January 25thmarked the start of Chinese New Year for 2020.
The excitement of celebrations in China and elsewhere has been overshadowed by the emergence of the deadly Coronavirus. The new virus, which was first detected in Wuhan, a central city in Hubei Province, at the end of December, has killed at least 56 people and sickened almost 2000, including in Taiwan, Japan, Thailand, South Korea, Hong Kong, Scotland and now at least 3 cities in the United States (Washington state, Chicago and Orange County, California).
Fear is high as people recall the SARS outbreak, which began in China in 2002 and 2003. That epidemic spread rapidly around the world while officials denied the seriousness of the crisis. Eventually more than 800 people died.
According to the New York Times, about 30,000 people fly out of Wuhan on an average day. Even more leave by trains and cars. With the region’s biggest airport and deep-water port, Wuhan serves as the hub of industry and commerce in central China.
No doubt the new restrictions on travel will spoil the plans of millions of Chinese citizens who planned to visit family during the New Year holiday. The government said it would close Wuhan’s airport and train stations to departures, and it urged residents not to leave the city unless they had an urgent reason to do so.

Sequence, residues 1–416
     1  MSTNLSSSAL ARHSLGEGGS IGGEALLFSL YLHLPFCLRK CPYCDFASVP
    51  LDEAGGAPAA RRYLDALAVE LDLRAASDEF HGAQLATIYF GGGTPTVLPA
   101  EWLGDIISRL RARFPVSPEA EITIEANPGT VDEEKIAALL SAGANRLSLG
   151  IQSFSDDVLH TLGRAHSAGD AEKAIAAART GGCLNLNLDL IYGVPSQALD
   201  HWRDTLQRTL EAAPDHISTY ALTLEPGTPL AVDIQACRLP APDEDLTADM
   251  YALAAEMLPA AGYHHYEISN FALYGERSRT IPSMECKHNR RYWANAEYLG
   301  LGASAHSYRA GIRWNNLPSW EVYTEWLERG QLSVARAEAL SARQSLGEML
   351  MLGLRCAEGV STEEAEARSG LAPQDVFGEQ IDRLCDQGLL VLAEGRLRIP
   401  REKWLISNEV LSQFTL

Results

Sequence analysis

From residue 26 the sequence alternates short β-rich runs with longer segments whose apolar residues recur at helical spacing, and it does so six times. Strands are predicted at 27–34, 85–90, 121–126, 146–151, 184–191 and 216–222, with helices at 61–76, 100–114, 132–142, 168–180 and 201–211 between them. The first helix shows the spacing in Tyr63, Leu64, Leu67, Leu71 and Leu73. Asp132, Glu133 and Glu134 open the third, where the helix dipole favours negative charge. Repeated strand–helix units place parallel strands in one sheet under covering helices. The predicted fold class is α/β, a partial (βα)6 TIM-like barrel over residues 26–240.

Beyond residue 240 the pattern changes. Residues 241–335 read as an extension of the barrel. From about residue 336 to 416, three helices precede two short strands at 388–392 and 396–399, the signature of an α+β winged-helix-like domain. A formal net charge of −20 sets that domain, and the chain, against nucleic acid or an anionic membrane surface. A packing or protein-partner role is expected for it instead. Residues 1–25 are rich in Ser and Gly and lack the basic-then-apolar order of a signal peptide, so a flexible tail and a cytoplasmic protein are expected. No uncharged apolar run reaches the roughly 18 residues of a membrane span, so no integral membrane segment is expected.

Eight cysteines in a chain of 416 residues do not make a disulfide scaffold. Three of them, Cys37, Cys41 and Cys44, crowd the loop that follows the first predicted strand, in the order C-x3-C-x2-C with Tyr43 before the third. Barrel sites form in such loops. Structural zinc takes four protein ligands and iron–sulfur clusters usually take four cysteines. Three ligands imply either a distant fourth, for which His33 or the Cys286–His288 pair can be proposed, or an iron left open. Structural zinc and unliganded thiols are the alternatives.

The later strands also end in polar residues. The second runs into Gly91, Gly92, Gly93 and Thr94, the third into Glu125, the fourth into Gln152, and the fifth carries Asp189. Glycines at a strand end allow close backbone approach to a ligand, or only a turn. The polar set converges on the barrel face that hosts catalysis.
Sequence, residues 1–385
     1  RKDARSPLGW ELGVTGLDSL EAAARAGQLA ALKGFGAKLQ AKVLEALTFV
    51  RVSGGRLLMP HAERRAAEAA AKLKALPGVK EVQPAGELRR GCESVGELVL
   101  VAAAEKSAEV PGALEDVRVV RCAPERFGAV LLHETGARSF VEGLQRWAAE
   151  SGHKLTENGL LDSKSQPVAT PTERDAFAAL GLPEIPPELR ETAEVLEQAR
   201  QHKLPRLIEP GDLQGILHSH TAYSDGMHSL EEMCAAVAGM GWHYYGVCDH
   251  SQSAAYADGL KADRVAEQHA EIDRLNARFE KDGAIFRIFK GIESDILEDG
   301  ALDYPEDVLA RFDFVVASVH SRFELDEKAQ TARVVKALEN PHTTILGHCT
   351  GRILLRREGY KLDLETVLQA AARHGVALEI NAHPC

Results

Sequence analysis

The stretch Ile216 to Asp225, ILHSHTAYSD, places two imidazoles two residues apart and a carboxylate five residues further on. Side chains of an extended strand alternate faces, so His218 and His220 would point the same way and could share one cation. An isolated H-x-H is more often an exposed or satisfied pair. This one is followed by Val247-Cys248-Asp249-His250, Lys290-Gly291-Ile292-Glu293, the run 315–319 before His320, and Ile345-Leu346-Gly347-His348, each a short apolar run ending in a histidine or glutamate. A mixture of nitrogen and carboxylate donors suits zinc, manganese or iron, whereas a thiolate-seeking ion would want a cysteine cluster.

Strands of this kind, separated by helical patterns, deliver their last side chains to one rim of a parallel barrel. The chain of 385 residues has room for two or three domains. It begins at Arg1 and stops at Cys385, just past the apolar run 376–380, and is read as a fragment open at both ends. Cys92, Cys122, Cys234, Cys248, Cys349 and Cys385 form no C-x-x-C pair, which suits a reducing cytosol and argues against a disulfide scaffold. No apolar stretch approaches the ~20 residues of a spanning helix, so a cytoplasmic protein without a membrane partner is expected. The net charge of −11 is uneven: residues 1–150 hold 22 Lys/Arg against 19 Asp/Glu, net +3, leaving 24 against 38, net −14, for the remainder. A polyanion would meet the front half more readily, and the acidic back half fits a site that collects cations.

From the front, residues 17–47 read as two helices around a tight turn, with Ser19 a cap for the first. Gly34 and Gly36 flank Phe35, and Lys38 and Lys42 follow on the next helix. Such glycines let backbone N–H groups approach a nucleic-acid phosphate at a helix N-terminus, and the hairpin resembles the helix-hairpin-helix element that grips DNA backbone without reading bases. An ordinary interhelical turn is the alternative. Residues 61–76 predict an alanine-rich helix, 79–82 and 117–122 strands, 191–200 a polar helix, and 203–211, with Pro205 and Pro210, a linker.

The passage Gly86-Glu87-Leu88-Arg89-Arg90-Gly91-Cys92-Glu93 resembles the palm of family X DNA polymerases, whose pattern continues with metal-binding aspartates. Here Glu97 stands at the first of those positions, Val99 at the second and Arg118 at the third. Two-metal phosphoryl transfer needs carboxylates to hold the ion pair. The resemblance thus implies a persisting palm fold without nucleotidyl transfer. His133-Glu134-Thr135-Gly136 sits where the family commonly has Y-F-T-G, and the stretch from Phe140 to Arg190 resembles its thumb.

Here in the US, the CDC is carefully monitoring the situation since this virus is highly contagious with a 10 to 14 day incubation period. Whether you are traveling or simply attending events where there are crowds, make a point of checking CDC updates on the TV and Internet.
For those who are content to stay at home and have not yet read the award winning thriller Rabbit in the Moonwhich deals with the 1989 Tiananmen massacre in Beijing, here’s a link to the updated version honoring the 30thanniversary of that terrible event.